In category one, for institutions with enrollments of less than 5000, Sewanee was recognized for its Wireless and Network Infrastructure Project. It is a strategic initiative to provide improved access to campus servers and information systems, online course materials, and the Internet, including the many electronic journals, databases, streaming music and video collections licensed by the library.
Telecommunications & Technology Infrastructure Services Staff
We are located upstairs in the Comptel Building which is behind the University bookstore. Take sidewalk to the left of the University bookstore. We are the first single door on the left...click on Map for walking and driving instructions.
Provide leadership in the use of information technology to support the educational, research and outreach missions of the University by provisioning and managing the telecommunication services, ID services, wireless services, and the transport network infrastructure for the benefit of the students, faculty, staff and visitors.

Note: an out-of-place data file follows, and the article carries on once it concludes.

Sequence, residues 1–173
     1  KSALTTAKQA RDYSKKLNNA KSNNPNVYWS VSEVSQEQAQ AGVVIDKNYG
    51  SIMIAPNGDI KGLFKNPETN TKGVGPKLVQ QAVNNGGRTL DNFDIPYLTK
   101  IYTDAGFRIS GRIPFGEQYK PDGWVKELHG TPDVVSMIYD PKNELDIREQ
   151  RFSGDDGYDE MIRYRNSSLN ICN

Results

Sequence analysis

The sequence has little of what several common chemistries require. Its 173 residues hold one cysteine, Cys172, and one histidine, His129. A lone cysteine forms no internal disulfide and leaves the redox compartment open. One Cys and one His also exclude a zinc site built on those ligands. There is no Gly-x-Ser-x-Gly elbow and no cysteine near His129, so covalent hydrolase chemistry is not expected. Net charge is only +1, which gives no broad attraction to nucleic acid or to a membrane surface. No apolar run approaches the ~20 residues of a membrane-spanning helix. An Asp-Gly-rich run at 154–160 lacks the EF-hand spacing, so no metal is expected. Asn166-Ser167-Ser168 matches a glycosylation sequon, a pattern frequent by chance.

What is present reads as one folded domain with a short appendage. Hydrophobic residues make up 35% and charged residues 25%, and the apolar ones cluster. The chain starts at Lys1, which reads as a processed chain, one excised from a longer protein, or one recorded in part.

In the beginning...Prior to May 1989, calls were transferred throughout campus using an AT&T Dimension system. Extensions were assigned by a lottery system as the Dimension system had become obsolete. The new Nortel PBX (now upgraded to an Option 81C), was cutover August 4, 1990 with 733 analog telephone sets installed in student rooms and 498 administrative phones in staff and faculty offices. At the time of cutover we installed 2,930 miles of 24 gauge copper wire pairs and 160 miles of fiber optic cable. Because Sewanee is located on the top of the Cumberland plateau approximately 15,000 cubic feet of sandstone was removed (enough to fill a 1,900 square foot house); 6600 copper pairs in 39 buildings and 33 twelve pair fiber pairs were installed; data connections were installed. The main outside cable runs were placed in concrete enclosed conduit. Each student living area has at least one telephone with local calling and 0+ calling at no extra cost to the student. (Many suites are equipped with more than one phone.) This was the beginning of a new era as the University began a long distance resell program for students, faculty, and staff. Payphones were taken out of resident halls and phone extensions became a convenience...not a commodity. For a virtual project tour click link for additional history and pictures around campus.